and is another great in a long
line of productions in BST
history. The play is the first
show of the 1980-81 season and
is nothing but sheer delight to
see. Irving Berlin's family
musical is directed by Stephen
Krempasky, choreographed by
Jana Shiner Iverson, and the
musical direction is under Ellen
For those of you who are
tired of the movie scene, and
wish to spend their entertainment money in a more
worthwhile way, then I
strongly suggest that "Annie
Get Your Gun" be on your
agenda within the next few
days. I was very much
impressed by the enthusiasm,
punch, vigor, and ardor of the
cast involved. Having two
members of my family involved
in the play, this review may
seem somewhat biased.
However, after seeing the play,
there is no other way in which
to write a review about
something that truly made an
impression on me. That
impression not only left
myself in an awe inspired
elation, but the entire audience
that attended the performance.
There is something about a
play that retains the certain
interpersonal relationships and
humanism that movies will
never be able to duplicate.
Stephen Krempasky directed
with an admirable flair that left
the audience in tears with
laughter at times, and in tears
of happiness at others. Tightly
directed, Krempasky patiently
wove the scenes together in a
believable fashion that was
directly responsible for the
even flow from scene to scene.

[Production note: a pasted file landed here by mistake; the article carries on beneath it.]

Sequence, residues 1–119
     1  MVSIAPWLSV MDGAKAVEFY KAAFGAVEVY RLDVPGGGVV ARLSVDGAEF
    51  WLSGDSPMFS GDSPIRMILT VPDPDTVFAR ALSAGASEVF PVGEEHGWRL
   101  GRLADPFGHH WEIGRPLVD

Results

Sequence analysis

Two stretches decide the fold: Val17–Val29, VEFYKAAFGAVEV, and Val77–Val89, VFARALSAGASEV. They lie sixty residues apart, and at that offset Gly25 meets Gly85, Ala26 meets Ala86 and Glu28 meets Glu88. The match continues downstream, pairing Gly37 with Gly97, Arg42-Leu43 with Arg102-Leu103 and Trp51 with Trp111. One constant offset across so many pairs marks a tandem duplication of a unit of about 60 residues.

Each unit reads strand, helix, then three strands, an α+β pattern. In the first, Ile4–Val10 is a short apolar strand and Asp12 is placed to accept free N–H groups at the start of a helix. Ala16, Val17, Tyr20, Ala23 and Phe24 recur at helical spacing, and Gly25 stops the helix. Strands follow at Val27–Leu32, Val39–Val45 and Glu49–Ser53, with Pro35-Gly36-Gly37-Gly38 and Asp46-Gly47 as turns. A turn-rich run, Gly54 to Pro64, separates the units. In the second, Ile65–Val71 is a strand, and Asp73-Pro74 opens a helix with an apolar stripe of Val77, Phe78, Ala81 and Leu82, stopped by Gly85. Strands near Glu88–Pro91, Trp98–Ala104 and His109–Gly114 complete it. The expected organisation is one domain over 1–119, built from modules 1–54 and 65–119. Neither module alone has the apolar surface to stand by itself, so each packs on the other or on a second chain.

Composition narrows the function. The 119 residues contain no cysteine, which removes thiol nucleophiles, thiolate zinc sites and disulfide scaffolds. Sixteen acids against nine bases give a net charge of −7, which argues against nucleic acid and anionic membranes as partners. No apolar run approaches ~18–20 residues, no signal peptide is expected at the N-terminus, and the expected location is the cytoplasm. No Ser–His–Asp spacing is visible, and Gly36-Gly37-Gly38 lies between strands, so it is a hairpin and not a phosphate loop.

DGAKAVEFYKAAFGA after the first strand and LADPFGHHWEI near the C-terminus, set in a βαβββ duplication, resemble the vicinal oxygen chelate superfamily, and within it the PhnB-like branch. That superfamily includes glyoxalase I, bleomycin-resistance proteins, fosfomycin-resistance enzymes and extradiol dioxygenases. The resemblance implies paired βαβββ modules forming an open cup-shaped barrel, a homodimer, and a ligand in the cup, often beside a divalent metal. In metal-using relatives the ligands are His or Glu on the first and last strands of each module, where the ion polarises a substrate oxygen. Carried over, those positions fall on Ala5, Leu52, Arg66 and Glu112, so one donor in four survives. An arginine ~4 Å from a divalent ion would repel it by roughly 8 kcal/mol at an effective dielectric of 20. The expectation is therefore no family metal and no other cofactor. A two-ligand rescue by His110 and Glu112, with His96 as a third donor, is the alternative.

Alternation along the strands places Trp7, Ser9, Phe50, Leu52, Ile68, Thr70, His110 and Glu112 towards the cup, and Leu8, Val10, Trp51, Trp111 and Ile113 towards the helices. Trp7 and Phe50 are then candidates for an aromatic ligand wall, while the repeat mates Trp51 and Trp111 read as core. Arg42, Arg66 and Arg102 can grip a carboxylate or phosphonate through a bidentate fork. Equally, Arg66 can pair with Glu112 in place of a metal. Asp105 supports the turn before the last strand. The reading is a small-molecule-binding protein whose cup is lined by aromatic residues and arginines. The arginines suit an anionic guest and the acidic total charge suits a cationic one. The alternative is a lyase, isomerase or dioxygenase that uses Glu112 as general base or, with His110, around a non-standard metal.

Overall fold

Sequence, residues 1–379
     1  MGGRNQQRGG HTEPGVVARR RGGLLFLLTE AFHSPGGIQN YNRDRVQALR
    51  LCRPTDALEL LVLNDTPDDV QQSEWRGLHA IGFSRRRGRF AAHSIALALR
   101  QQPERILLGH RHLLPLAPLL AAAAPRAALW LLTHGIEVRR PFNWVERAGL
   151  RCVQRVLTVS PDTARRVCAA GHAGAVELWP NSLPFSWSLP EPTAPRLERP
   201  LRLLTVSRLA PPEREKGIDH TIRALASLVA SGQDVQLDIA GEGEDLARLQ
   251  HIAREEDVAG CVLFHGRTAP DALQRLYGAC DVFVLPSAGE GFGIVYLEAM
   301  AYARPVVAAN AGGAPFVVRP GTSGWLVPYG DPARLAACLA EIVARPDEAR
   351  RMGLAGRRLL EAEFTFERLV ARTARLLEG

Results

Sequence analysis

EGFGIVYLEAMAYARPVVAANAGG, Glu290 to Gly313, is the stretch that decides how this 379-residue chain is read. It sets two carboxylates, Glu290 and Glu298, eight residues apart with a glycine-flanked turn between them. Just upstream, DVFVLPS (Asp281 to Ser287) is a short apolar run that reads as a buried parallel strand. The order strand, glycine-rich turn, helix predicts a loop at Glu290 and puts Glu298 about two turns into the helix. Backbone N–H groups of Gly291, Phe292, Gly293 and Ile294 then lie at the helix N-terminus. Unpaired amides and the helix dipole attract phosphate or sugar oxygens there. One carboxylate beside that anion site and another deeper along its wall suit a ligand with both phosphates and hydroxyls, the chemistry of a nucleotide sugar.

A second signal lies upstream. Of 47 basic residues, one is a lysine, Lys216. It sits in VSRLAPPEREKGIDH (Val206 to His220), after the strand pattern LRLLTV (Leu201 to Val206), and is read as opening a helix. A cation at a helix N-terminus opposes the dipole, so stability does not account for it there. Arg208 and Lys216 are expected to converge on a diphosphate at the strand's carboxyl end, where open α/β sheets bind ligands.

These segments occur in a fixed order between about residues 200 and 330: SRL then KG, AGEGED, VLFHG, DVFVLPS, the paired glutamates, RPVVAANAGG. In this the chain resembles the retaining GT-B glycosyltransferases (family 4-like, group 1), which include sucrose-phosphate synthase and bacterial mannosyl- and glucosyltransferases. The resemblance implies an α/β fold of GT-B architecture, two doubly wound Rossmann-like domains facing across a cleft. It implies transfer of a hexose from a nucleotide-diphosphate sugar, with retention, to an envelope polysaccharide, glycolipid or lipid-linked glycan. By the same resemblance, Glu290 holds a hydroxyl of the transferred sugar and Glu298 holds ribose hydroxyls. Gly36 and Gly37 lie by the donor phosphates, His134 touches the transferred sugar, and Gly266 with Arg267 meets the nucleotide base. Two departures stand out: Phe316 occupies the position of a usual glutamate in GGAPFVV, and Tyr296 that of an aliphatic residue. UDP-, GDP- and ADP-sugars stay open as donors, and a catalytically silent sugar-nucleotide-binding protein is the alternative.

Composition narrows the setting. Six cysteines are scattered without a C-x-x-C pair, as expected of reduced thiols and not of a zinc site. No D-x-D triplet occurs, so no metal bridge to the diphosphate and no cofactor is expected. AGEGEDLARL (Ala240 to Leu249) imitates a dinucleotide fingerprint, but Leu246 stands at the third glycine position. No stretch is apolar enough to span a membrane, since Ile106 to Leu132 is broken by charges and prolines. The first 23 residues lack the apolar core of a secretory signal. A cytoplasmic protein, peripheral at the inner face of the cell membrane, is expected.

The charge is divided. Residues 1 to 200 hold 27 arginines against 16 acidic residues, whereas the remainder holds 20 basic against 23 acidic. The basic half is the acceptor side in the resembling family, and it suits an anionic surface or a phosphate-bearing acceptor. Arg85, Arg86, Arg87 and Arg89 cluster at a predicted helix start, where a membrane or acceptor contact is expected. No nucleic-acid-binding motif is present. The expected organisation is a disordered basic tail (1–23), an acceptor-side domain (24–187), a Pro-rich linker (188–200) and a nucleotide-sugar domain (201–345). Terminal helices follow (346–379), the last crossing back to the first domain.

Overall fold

Jana Shiner Iverson choreographed the play in her usual
expertise manner that makes
her one of the best choices for a
truly professional finishing
touch to an already well done
production. Combined with
the costumes that were popular
in that era giving the play a
sense of credibility and
authenticity, the direction,
choreography, and musical
scores blended together a
production worthy of the
highest praise.
For those of you who are
unfamiliar with the love affair
between female sure-shot
Annie Oakley and eagle eye
Frank Butler in the early
1800's, then grab the kids and
the station wagon and dr6p
into Billings Studio Theatre
and get in on the fun. The
production will run until
October 19th and I promise
you a very enjoyable evening.
Cast and crew of "Annie Get
Your Gun," I wish to thank
you, and extend a hearty
"break a leg."
Rock McLean
2 freshmen
for Union Act.
Apply in 204 of the SUB
Applications accepted from
9/22/80 through Oct. 10 at 5 p.m.
applicants will be notified of the
selection dates
4\1111111111 ■
Oct. 6, 1980 the Retort Page